Perhaps some tech guru from north of the city would invent a great carbon-sucking machine so we could all go merrily along our way. Who knew?

Jeff Guillet

You're going to make me pay now for something that you think might happen in 100 years.

Alix Spiegel

Jeff hates this kind of reasoning.

Jeff Guillet

It's, you're delaying the inevitable. We'll just do what's best. It's going to happen anyway. Let's just do it now. And that infuriates me. Let me ask you this. The sun is going to explode. We don't know when. When do we leave the planet? Should we be building rockets right now? Because it's going to happen.

Alix Spiegel

Just to say, while both the death of the sun and climate change are scientifically certain, one is happening in 5 billion years. The other, right this minute. But anyway, what Jeff knew was that he and his wife Amy had scrimped and saved, eaten their weight in Top Ramen, for this specific house. And obviously, they didn't want to lose that.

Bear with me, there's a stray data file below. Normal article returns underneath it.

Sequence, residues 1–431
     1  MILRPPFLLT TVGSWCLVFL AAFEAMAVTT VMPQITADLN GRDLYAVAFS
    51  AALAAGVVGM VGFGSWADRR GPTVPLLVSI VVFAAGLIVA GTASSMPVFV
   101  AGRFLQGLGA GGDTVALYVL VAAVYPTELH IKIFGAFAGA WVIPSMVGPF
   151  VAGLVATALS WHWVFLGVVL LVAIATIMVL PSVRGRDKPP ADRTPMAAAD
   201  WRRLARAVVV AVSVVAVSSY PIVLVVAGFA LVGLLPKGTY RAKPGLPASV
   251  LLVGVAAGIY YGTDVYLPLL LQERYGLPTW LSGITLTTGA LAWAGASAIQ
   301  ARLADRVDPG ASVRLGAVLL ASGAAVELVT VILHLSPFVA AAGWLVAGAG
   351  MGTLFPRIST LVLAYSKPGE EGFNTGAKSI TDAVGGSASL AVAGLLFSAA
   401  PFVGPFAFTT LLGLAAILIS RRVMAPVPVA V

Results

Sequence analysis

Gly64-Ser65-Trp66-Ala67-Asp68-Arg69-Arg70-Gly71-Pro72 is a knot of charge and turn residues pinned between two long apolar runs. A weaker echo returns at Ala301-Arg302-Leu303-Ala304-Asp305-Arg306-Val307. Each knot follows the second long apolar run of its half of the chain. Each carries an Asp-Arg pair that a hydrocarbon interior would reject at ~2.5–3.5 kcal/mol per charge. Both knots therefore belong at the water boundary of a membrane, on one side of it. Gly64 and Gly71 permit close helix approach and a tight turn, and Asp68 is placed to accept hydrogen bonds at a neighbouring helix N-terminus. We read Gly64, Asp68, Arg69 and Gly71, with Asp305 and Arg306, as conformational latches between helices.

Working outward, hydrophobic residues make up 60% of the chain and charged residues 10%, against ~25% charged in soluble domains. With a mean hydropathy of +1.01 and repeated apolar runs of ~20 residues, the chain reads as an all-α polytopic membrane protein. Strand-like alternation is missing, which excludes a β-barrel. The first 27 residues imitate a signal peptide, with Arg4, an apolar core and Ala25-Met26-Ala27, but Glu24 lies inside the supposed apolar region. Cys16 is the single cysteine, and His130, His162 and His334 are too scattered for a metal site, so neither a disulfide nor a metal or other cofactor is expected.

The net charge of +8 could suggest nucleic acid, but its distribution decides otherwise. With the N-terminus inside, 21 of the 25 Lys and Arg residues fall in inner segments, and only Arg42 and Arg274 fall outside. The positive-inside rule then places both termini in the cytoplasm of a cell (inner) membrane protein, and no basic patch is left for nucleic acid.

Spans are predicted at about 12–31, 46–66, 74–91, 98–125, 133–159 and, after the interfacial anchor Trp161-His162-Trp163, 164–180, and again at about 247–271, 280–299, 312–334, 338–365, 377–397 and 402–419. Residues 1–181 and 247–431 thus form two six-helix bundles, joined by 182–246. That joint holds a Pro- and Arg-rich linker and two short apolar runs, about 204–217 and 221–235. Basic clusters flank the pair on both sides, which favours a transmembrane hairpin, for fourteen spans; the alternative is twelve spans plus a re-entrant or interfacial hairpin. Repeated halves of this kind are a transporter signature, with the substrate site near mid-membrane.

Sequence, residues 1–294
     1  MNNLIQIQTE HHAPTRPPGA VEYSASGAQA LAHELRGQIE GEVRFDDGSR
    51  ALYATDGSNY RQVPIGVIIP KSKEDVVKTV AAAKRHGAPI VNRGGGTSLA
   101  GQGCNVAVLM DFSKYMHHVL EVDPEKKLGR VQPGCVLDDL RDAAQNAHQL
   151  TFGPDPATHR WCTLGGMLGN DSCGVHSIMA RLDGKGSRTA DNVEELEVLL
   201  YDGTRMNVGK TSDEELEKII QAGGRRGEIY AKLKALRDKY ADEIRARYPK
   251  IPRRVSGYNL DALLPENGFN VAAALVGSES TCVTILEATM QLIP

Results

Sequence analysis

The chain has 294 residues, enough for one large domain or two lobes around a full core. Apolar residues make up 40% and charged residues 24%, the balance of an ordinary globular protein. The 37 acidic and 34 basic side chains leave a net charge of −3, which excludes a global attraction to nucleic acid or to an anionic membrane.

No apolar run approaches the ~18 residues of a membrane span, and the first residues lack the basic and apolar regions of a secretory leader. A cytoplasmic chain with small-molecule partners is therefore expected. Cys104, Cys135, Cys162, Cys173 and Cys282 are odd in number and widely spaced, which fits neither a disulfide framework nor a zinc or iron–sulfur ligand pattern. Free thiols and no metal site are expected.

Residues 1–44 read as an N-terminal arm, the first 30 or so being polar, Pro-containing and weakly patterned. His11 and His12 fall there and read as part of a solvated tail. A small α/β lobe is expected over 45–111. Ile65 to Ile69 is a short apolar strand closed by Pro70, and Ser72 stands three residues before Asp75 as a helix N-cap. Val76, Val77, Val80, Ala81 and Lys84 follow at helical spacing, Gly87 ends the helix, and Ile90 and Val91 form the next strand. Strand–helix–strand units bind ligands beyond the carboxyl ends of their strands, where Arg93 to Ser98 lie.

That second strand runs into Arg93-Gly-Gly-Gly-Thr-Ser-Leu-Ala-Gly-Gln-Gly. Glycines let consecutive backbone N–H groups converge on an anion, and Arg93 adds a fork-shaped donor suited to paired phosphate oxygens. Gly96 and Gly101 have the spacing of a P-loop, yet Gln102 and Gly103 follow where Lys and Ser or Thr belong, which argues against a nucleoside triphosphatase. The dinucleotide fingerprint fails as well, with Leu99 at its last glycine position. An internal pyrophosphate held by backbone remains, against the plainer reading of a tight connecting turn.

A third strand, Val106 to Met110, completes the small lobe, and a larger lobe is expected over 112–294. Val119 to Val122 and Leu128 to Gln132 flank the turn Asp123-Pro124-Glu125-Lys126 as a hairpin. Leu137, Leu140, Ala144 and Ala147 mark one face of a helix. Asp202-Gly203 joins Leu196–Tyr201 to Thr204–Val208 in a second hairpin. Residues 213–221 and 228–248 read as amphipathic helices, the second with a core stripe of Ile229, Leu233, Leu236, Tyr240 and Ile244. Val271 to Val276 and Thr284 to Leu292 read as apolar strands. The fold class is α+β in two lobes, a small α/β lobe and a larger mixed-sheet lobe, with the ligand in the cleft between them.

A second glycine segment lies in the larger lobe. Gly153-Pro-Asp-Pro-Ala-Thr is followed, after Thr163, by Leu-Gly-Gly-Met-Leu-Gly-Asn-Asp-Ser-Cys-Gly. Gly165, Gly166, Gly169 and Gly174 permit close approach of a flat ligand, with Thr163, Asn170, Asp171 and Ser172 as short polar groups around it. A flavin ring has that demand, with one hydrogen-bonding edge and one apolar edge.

Jeff Guillet

I was worried. I got-- yeah. I couldn't sleep. I'm like, did we make a big mistake? We bought this house. We've invested in it. It's our legacy that we're going to give to our kids when we're gone. And are we at risk of losing everything?

Alix Spiegel

Night after night, Jeff lay in bed mentally circling the problem.

Jeff Guillet

Trying to formulate a plan-- what is it that we're going to do next? How are we going to raise awareness? Is it too late?

Alix Spiegel

But then Jeff came up with a plan.

Ira Glass

Alix Spiegel. Coming up after the break, Jeff's plan and a showdown on managed retreat and on who will run Pacifica. That's in a minute, from Chicago Public Radio, when our program continues.

It's This American Life. I'm Ira Glass. Today's program, "Apocalypse Creep," stories of the world slowly changing, people deciding what they're going to do with that fact or whether they're going to face it at all. If you're just tuning in, we're in the middle of Alix Spiegel's story about Pacifica, California. A local homeowner, Jeff Guillet, is trying to figure out how to stop all this talk about managed retreat. Again, here's Alix.